Gagosian is pleased to present Ed Ruscha Books & Co., an exhibition of artists’ books by and after Ed Ruscha. The exhibition is organized by Gagosian director Bob Monk. The exhibition will be presented in conjunction with Ed Ruscha Prints and Photographs.
In the 1960s, Ruscha was credited with reinventing the artist’s book, producing and self-publishing a series of slim volumes of photography and text. By turning away from the craftsmanship and luxury status that typified the livre d’artiste in favor of the artistic idea or concept, expressed simply and in editions that were unsigned and inexpensively printed, Ruscha opened the genre to the possibilities of mass-production and distribution. Ed Ruscha Books & Co. presents Ruscha’s iconic books together with those of more than one hundred artists from all over the world—from Russia to Japan to the Netherlands—who have responded directly and diversely to his lead. Many books are installed so that viewers can browse their pages. After presentations in New York, Munich, and Paris (2013–15), the exhibition run concludes in Ruscha’s home city of Los Angeles.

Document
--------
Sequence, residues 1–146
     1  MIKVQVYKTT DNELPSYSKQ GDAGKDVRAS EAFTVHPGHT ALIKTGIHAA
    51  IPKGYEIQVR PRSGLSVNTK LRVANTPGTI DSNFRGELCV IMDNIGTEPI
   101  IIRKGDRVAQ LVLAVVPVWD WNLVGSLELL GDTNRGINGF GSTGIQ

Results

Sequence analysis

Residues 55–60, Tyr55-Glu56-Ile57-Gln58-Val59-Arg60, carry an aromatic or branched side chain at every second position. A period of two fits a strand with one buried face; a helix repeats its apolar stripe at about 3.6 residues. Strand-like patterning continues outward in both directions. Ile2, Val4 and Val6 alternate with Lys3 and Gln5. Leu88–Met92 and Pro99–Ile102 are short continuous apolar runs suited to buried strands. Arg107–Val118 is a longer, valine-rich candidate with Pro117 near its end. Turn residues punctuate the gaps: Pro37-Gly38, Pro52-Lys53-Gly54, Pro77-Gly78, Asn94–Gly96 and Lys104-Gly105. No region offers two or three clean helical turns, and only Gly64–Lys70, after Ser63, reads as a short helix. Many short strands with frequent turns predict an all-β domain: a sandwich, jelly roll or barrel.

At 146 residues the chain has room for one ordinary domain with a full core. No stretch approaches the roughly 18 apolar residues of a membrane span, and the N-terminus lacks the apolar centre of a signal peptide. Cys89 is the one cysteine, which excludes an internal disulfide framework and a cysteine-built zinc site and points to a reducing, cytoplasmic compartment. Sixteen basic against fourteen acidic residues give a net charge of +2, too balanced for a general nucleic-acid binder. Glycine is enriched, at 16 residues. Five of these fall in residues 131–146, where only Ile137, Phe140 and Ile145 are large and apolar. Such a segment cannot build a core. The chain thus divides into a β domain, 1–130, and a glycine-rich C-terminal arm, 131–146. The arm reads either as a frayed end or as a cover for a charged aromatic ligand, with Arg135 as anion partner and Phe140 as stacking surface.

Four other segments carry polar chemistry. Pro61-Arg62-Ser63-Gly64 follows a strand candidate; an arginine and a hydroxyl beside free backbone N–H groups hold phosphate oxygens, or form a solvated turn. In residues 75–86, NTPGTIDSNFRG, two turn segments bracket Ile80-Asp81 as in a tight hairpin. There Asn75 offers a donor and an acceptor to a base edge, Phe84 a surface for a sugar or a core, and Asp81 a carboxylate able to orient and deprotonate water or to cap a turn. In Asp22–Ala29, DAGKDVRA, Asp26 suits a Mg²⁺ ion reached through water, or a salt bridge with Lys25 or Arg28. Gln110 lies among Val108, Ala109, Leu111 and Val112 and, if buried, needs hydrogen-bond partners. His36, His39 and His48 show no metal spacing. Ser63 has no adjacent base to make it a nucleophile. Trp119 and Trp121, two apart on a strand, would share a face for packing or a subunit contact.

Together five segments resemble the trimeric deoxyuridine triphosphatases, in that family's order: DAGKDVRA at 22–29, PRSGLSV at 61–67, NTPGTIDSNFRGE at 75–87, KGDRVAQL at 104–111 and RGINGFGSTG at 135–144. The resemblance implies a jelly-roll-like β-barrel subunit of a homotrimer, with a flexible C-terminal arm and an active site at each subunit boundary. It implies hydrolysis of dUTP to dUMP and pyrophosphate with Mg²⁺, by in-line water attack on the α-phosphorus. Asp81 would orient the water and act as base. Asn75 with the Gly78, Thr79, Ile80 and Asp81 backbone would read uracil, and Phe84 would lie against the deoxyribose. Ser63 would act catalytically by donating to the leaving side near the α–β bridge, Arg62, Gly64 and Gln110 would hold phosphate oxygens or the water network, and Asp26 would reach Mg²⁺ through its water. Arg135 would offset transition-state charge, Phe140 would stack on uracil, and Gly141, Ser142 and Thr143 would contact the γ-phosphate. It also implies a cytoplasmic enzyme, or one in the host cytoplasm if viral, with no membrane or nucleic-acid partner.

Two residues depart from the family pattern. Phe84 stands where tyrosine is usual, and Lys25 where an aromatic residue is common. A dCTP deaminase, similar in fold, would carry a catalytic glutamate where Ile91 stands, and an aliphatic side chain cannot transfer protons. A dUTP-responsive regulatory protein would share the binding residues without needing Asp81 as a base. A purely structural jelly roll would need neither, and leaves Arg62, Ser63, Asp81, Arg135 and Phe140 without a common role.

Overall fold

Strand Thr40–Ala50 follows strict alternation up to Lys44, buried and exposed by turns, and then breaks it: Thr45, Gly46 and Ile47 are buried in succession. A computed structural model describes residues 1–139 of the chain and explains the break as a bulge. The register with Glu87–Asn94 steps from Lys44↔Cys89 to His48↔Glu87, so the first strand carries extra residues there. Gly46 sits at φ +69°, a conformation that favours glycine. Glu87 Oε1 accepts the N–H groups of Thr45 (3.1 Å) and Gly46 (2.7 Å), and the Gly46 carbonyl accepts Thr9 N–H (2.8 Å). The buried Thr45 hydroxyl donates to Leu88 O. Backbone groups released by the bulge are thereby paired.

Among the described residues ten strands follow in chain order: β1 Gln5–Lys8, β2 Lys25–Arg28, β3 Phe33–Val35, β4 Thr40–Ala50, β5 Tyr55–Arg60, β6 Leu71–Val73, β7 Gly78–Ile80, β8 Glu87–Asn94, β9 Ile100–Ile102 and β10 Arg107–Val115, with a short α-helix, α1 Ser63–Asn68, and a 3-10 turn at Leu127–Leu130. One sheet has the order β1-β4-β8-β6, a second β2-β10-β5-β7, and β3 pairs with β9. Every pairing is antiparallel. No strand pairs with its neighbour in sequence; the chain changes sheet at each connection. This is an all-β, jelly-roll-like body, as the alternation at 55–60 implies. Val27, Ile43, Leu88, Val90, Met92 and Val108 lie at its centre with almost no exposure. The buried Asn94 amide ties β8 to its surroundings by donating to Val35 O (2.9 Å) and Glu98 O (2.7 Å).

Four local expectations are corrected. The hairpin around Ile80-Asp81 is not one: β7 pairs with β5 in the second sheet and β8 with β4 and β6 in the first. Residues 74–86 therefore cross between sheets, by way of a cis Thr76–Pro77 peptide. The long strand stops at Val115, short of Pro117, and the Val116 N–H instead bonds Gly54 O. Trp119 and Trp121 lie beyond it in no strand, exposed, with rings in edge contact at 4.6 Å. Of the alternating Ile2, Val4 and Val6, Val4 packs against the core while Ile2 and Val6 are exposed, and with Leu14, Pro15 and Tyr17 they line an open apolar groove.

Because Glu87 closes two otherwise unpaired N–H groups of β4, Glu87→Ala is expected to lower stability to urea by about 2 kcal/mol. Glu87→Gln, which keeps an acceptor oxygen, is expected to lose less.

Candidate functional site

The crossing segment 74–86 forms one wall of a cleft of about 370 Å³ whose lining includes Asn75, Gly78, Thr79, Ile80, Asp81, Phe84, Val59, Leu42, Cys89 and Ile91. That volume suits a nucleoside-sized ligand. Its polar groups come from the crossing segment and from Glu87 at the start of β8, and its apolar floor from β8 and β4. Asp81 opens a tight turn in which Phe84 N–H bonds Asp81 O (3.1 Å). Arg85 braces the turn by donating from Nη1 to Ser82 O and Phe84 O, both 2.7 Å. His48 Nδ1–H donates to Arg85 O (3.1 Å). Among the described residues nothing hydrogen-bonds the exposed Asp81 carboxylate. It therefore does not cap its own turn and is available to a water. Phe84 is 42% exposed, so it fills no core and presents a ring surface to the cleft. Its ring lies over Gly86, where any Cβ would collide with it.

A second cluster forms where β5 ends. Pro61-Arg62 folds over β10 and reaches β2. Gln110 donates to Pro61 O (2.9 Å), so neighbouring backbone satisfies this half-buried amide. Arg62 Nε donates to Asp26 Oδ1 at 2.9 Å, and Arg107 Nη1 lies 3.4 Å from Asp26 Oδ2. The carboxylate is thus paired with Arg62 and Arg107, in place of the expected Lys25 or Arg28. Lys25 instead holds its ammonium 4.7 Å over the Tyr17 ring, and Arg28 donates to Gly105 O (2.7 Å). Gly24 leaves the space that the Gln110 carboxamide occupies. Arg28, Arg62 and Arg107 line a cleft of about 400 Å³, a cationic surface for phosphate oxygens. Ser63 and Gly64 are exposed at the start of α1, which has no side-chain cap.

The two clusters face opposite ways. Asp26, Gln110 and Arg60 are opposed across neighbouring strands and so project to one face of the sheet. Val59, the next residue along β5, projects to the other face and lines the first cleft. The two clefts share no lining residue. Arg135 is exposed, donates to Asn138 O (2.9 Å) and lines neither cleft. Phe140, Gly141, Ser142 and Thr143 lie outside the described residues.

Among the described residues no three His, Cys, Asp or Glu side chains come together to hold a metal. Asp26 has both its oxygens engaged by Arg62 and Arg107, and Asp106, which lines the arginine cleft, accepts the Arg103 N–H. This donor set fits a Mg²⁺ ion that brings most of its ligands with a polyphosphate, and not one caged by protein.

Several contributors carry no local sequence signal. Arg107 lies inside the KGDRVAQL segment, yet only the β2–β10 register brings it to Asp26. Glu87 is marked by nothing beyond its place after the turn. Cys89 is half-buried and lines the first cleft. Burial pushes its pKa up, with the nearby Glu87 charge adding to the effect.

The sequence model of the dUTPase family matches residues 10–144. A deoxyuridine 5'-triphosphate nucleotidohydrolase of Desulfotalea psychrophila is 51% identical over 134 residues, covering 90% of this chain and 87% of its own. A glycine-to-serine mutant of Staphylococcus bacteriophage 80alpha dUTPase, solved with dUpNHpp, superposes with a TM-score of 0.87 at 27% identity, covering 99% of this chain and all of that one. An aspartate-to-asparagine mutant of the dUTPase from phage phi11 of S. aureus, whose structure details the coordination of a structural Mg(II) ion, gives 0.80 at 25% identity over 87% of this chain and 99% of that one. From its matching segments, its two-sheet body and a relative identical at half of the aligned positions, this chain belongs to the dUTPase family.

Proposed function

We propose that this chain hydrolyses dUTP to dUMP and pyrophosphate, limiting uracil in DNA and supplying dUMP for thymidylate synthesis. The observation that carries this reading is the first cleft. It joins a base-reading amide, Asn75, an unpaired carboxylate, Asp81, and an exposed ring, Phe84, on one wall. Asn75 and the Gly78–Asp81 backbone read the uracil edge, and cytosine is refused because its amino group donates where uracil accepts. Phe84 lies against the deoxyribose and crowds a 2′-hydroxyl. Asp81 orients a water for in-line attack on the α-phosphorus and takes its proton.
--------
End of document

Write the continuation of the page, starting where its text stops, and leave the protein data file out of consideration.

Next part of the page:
Inspired by the unassuming books that he found in street stalls during a trip to Europe, Ruscha published his first artist’s book, Twentysix Gasoline Stations, in 1962 under his own imprint, National Excelsior Press. Priced at $3.50, it is exactly what its title suggests: twenty-six photographs of gas stations with captions indicating brand and location. Initially, the book was received with indifference, and it was even rejected by the Library of Congress for its “unorthodox form and supposed lack of information.” However, over time it acquired cult status, and by the 1980s it was hailed as one of the first truly modern artist’s books. Ruscha followed this up with a succession of similarly self-evident and deadpan photographic books chronicling aspects of Los Angeles or his round-trip drives between Los Angeles and Oklahoma, including Some Los Angeles Apartments (1965), Nine Swimming Pools and a Broken Glass (1968), and Real Estate Opportunities (1970). Their use of photography as a form of map-making or topographical study signals a conceptual, rather than documentary, thrust.